Trying to understood Lye water master batching

Discussion in 'Beginners Soap Making Forum' started by Cal43, Mar 1, 2019.

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  1. Mar 1, 2019 #1

    Cal43

    Cal43

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    ok here I go...

    50/50 measured and mixed

    *An example of how to add extra water for recipe
    Now my recipe at 33% of water as the percentage

    Water weight is : 10.56oz
    Lye 4.41 oz

    Multiply lye by 2/ 4.41x 2=8.82 oz

    Now I pour out 8.82 oz of 50/50 water solution

    *Next calculate extra water needed:

    Recipe water amount is 10.56 oz
    Subtract lye amount from water amount on recipe / 10.56 oz- 4.41 oz = 6.15 oz

    6.15 oz = the extra amount of water needed

    So... 50/50 lye water solution that was poured out was 8.82 oz+ 6.15 oz extra weather for particular recipe.

    Tell me, is this correct??!!
     
  2. Mar 1, 2019 #2

    Clarice

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    I master batch at a 1:1 water:lye ratio and then use the SoapMakingFriend calculator to tell me the additional liquid needed.

    here is the link

    https://www.soapmakingfriend.com/soap-making-recipe-builder-lye-calculator/

    also great discussion in a recent thread that will tell you a lot you need to know.

    https://www.soapmakingforum.com/threads/lye-solution-master-batch.18098/

    really good information

    I understand the principles behind the math - but have not done it given the fabulous recipe builder!
     
  3. Mar 1, 2019 #3

    The Efficacious Gentleman

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    But yes, you are correct.

    Required lye X 2 is the amount of 50/50 you use.

    Required water - half of the 50/50 amount (or the required lye amount, they're the same number and it saves a maths step) is the amount of extra water to put in.

    Heads up in case you haven't heard about it ... The master batched mixture will warm up when you add water in to it.
     
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  4. Mar 1, 2019 #4

    SoaperForLife

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    At the risk of sounding like an idiot, why do people master batch lye?
     
  5. Mar 1, 2019 #5

    The Efficacious Gentleman

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    If you like to soap at room temperature, it means that you don't have to wait as long for the lye water to cool.

    It can also generally save time if you make lye once for a few batches l, you just have to melt the oils and you're pretty much good to go
     
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  6. Mar 1, 2019 #6

    Cal43

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    Oh good to know. Around what temperature does it usually go to?
     
  7. Mar 1, 2019 #7

    The Efficacious Gentleman

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    Not as hot as when you first make it, but still quite warm. I would use the same quality container that I would use if I were making fresh lye solutions
     
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  8. Mar 1, 2019 #8

    shunt2011

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    It allows me to have a batch of lye ready to go. It's mixed and cooled. I generally mix 4 lbs lye and 4 lbs water add my silk and let it cool. I don't have to wait for my lye to cool down.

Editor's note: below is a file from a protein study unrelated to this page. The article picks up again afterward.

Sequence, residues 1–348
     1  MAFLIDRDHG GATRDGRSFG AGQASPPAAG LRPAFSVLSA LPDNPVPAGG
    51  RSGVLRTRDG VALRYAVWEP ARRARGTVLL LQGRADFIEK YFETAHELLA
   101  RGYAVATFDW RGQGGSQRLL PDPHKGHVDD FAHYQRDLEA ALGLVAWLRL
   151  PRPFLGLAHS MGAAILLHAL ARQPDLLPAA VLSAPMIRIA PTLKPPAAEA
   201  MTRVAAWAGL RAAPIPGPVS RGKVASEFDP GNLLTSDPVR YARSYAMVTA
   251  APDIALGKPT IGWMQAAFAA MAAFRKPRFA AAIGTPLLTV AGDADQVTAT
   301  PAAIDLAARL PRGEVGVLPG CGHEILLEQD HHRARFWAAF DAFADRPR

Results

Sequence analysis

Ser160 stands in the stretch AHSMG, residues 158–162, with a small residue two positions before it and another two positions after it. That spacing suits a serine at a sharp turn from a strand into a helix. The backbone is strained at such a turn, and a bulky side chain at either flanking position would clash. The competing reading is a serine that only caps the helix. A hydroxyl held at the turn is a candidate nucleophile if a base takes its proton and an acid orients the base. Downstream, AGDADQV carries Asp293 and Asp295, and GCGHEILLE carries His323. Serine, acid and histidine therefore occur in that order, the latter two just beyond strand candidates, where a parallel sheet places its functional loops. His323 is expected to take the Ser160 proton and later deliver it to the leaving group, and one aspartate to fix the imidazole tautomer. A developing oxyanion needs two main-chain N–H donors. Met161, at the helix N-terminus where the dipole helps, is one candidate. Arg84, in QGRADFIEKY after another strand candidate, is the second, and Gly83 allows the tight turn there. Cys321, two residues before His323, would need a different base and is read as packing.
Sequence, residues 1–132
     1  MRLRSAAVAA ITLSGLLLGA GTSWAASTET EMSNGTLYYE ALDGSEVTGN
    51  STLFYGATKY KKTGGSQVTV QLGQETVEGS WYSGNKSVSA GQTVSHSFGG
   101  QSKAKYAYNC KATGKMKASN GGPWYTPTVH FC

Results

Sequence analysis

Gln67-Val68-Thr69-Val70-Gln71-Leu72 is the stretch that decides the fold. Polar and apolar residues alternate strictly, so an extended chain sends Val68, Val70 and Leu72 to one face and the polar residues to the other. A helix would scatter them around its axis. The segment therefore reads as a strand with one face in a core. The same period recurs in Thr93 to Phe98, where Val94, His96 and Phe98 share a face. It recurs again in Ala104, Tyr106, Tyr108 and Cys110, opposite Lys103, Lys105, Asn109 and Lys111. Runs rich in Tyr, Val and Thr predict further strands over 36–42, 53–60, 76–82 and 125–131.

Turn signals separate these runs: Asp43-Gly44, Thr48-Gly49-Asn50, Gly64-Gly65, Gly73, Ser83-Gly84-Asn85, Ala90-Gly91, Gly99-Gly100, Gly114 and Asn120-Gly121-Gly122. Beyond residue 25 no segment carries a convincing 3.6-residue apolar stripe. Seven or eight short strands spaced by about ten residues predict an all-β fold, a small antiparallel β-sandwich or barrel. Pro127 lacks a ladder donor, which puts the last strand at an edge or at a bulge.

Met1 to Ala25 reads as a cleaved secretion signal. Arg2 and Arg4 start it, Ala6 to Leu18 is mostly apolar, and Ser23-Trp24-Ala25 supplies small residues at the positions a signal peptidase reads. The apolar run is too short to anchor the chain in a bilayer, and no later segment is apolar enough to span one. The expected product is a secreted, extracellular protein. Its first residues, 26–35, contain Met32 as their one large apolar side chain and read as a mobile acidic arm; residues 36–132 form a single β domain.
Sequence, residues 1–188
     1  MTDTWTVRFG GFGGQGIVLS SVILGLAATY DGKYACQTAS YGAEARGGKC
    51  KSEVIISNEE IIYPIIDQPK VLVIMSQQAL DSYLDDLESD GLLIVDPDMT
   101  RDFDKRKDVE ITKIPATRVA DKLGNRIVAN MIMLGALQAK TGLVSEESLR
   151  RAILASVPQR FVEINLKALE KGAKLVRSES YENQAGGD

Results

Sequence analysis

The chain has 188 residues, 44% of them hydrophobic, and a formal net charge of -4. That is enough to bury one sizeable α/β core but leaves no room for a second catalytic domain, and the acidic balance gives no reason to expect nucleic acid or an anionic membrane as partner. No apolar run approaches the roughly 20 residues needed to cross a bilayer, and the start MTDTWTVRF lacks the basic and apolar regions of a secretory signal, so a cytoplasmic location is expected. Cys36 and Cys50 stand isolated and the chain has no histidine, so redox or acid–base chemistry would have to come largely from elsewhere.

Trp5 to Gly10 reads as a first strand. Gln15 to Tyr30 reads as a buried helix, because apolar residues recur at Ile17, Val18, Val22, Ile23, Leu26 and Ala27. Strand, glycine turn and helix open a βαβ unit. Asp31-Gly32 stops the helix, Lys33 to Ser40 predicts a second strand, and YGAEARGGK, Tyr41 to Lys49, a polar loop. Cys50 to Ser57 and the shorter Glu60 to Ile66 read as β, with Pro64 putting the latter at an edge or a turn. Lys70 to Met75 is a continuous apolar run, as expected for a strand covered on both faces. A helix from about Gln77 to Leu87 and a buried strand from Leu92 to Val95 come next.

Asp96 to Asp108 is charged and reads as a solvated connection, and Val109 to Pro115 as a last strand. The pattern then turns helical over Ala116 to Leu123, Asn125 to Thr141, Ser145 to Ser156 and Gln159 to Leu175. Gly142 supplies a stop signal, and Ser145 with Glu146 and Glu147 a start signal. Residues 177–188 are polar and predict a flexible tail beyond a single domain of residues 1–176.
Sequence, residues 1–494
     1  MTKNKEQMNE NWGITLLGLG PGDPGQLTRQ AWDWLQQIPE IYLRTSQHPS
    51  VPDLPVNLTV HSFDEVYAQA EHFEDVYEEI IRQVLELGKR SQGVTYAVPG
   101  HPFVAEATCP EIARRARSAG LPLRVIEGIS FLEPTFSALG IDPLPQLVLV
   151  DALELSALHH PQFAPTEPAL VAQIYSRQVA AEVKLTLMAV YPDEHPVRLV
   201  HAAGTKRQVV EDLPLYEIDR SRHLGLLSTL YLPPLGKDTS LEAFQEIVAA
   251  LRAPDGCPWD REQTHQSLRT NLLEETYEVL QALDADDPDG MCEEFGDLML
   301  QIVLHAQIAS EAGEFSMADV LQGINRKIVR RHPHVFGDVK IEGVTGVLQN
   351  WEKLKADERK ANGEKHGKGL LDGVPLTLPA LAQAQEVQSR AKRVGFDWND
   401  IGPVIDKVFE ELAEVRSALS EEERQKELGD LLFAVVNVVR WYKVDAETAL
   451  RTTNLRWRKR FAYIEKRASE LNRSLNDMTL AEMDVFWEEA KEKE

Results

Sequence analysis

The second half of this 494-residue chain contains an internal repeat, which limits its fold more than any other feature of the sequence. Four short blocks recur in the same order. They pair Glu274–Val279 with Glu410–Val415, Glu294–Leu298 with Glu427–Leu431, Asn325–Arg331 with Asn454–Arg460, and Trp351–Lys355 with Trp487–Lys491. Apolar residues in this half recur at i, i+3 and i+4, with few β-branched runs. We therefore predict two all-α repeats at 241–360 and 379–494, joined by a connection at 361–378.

I add my extra needed liquid (milks/beer etc) to my oils not to my lye mixture.
     
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  9. Mar 1, 2019 #9

    Clarice

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    Maybe because I make small batches (still trying to find my perfect recipe) i do not find much heating up with my master batch when i add water.

    Yesterday I mixed full cream with my master batch (again, small batch - 8 oz) and the temp barely bumped. Cream was cold. I did, however, make the mistake of letting it sit for a bit, and I had sort of lye-glue. I rescued with a stir - but it was still thicker than I would like. lesson learned - stir cream in gently and use immediately!

    This may be very different for larger batches - I only needed something along the lines of 1.6oz additional liquid and 2.4 oz master batch
     
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  10. Mar 1, 2019 #10

    DeeAnna

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    Why do I masterbatch? Cuz in the long run, the masterbatch makes my soaping easier and safer and more pleasant.

    I don't have to deal with dry NaOH nearly as often with all the safety issues of dealing with the fumes and triple checking that all the NaOH is dissolved and all that hassle. I mean ... whether you make lye solution for 1 batch or for 10, the hazards are exactly the same, so why do I want to do this 10 times rather than just one?

    In addition I don't have to wait for hot lye to cool to a reasonable temp for CP soap. Even if the recipe uses extra water-based liquid, adding that to the soap batter doesn't heat the batter enough to be a concern.
     
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  11. Mar 1, 2019 #11

    Cal43

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    Yes I printed some of the information from that thread. I was just checking to see I I got before going forward. I going to check it out in there calculator also.
     
  12. Mar 1, 2019 #12

    cmzaha

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    Same as everyone else, I have no patience to wait for lye to cool so I master batch 50/50 which is easier math for me.
     
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  13. Mar 1, 2019 #13

    Clarice